"My father used to say, ‘Most folk music is the product of plagiarism. That’s what I learned from Woody Guthrie. You borrow a tune here, then change it a little bit. You borrow some words there. Then add to them. You don’t claim to be original."

Bob Dylan's take on plagiarism is "It’s part of the tradition. It goes way back." Producer and songwriter Ricky Reed said:

"...the “Blurred Lines” case makes me a little nervous because those songs aren’t really musically related in any way when it comes to the chords or the melodies...That for me is pretty scary because it could open up a whole floodgate of people being like, “Well, this song kinda feels like this old song.” What’s made music great for generations and generations is that young musicians are inspired by the old dogs and make records that show their influence. If people start suing based on a feeling, that will be a dark day for creators."

Radio.com lists 8 different artists who could potentially sue Mark Ronson and Bruno Mars because their song Uptown Funk has the same feel

Uptown Funk by Mark Ronson and Bruno Mars has spent 10 weeks in the #1 spot on the Billboard Hot 100. Radio.com has an article titled 8 Artists That Could Sue ‘Uptown Funk’ on the Same Grounds as ‘Blurred Lines’ that indicates how potentially damaging the verdict could be. Marvin Gaye's family is also considering a lawsuit against Pharrell Williams because they say his song Happy sounds too much like Ain't That Peculiar. Again, the songs really aren't alike other than the feel. The "feel" of a song is such a vague thing that multiple artists could claim a song violates their copyright.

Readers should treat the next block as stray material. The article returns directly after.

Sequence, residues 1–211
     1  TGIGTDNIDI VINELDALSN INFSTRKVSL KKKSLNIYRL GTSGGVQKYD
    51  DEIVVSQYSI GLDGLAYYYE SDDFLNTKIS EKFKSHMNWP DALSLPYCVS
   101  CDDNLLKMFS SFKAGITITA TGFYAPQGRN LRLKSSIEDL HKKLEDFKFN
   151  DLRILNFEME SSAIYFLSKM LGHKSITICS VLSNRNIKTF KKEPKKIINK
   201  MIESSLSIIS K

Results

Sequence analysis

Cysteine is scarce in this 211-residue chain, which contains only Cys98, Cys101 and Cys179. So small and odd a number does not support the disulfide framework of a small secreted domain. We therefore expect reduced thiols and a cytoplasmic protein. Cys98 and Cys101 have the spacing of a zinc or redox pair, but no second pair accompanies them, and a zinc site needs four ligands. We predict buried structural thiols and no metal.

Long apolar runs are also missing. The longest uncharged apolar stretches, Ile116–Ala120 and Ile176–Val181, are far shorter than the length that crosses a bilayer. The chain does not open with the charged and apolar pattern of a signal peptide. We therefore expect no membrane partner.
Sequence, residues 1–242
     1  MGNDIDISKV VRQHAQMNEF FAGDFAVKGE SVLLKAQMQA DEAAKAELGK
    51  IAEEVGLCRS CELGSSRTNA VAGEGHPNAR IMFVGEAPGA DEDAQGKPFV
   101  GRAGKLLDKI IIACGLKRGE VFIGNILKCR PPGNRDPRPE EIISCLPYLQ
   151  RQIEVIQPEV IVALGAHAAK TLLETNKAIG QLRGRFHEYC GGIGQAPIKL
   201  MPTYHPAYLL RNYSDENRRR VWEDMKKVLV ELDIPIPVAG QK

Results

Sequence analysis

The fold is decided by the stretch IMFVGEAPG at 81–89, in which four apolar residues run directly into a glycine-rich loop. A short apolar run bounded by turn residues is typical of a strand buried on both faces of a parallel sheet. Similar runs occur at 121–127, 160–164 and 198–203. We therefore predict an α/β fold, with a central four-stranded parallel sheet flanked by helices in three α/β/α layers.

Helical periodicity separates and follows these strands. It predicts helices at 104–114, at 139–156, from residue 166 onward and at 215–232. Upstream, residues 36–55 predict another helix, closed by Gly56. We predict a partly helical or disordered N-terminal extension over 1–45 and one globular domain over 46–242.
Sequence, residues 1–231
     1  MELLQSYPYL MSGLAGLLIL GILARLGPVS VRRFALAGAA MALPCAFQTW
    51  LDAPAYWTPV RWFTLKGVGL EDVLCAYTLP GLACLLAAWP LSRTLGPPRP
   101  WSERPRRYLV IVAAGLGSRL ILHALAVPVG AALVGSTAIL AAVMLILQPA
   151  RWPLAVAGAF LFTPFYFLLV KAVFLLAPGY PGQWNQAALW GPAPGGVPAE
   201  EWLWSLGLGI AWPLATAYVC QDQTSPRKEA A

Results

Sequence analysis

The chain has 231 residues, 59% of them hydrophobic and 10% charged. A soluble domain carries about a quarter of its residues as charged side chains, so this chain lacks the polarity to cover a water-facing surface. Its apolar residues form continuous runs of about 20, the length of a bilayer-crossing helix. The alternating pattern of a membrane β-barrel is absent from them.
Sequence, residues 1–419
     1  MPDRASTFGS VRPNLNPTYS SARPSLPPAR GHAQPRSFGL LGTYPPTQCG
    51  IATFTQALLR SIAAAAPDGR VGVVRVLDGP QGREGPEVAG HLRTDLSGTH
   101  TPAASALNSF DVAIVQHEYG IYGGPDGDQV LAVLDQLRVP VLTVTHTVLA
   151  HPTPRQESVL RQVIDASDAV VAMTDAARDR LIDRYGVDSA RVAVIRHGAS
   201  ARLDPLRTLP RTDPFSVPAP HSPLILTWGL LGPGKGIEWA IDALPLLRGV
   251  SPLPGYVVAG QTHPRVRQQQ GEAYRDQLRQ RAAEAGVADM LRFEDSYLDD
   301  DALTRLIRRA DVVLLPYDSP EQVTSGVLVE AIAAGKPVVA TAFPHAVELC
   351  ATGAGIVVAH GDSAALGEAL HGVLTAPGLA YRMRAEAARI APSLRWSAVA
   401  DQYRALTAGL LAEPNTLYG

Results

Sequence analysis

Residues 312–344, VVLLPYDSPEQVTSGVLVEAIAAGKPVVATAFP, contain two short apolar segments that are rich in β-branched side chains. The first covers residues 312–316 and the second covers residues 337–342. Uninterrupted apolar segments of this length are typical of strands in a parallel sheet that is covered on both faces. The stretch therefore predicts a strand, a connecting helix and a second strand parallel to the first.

Thicke and Pharrell's lawyer has already filed an appeal, so there's a possibility the verdict could be overturned. If it's not, it's hard to say what will happen. Artists may be less willing to admit to their influences to avoid potential lawsuits. But that may not be enough to prevent lawsuits. Influences are often too obvious.